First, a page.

by Sr. Fiat Marie, SV
My grandmother suffered from Alzheimer’s disease from the time I was 3 years old until her death while I was in college. Despite the fact that I have no memories of my grand – mother without dementia, experiencing her love and having the chance to love her in return has been one of the most formative events of my life.
Our extended family is blessed in that most everyone lives relatively close by each other. Because of this, many of us were able to share in my grandma’s care: and so too in the graces that flowed from it! Grandma would spend one or two days during the week with us, and often she would stay over on the weekends. We would share a room when she spent the night. I remember telling her how afraid I was of the dark. She instruct – ed me to simply say the name of Jesus when I felt anxious, advice I follow to this day!
Since Grandma’s illness lingered for so many years, she experienced all the different symptoms and stages of Alzheimer’s. There were joys and sorrows, and the initial stages were difficult. We struggled and stumbled along the way as we tried to navigate and weather the storms of her fear, anxiety, and frustrations. I learned a lot during this time from watching the love of my mom and other family members. They were with her exactly where she was and didn’t give in to the temptation to try to force her into being who they remembered her to be. We learned not to limit love to the narrow confines of what we imagined it to be and not to be too rigid in our expectations of others. I learned to see life as a gift.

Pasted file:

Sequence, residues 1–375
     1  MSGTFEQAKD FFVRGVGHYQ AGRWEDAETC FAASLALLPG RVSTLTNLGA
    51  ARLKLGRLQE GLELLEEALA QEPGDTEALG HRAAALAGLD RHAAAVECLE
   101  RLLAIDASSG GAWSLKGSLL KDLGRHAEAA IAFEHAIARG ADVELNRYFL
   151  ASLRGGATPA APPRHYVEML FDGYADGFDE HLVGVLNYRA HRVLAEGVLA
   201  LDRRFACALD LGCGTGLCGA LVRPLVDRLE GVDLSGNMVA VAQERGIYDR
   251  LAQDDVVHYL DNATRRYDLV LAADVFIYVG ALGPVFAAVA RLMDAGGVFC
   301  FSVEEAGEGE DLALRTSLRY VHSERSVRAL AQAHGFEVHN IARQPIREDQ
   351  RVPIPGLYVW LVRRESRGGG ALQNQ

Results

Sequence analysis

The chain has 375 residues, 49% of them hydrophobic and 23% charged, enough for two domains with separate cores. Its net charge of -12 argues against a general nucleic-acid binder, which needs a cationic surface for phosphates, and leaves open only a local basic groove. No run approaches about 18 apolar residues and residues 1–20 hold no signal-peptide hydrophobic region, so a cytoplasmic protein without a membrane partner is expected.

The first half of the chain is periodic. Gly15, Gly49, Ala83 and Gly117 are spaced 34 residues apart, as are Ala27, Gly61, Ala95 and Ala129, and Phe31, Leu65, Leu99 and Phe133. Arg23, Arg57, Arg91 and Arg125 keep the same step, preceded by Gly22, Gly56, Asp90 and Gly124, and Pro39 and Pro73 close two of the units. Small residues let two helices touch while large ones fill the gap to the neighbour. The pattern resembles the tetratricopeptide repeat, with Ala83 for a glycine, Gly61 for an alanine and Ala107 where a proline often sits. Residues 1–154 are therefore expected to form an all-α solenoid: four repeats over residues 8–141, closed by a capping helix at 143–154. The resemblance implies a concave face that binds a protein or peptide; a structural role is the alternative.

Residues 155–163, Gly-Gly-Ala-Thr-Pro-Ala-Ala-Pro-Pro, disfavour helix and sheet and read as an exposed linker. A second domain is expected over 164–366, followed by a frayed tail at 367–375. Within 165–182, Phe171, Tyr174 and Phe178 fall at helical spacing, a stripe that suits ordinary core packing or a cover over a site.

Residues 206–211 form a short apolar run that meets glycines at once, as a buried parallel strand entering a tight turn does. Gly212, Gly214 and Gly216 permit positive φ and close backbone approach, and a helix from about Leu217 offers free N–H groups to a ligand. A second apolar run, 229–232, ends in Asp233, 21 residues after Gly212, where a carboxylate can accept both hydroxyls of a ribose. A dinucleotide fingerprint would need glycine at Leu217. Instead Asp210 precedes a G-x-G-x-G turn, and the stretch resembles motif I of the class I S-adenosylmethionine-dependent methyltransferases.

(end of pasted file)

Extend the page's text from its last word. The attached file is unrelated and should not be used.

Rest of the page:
My grandma definitely gave me the sense of humor I have today. She would get us into so many crazy and embarrassing situations! Once, we got a call from our neighbors who lived half a mile down the dirt road at 5 a.m. “Your mom is here,” they said, “and she has a pound of bologna in her purse!” Another time, we were at Mass, and the priest said, “Let us pray,” and then paused. Grandma was particularly antsy that day and thought the priest was taking too long. So she yelled back, “Well then … LET US!” All we could do was smile at the priest!
No matter what was going on with Grandma, she never lost the capacity to love and to be loved. The lasting image that I have of her is that she was a “ball of love”! Toward the end of her life, she lost the ability to really have a conversation. But we would just snuggle up to her on the couch, and she would smother us with kisses.
I remember being very struck at her funeral. I was looking around at all of my family, especially at my 18 cousins, and it was evident how missed Grandma was. I thought that if the world looked at this situation it might expect our family to feel the relief of a long burden of care that was finally lifted, yet that was so far from our experience. I realized then, that, if I would have been denied the ability to be with my grandma in all the ups and downs of this disease then I would have been denied also of one of the most meaningful experiences of love in my life.
Throughout all of her life my grandma prayed for the grace of final perseverance. I marvel at how even deep in the throes of dementia she still voiced this petition. I am certain God gave her the grace to be faithful to the end. God used her illness to prepare her heart for Him, and He used her life and love to transform mine.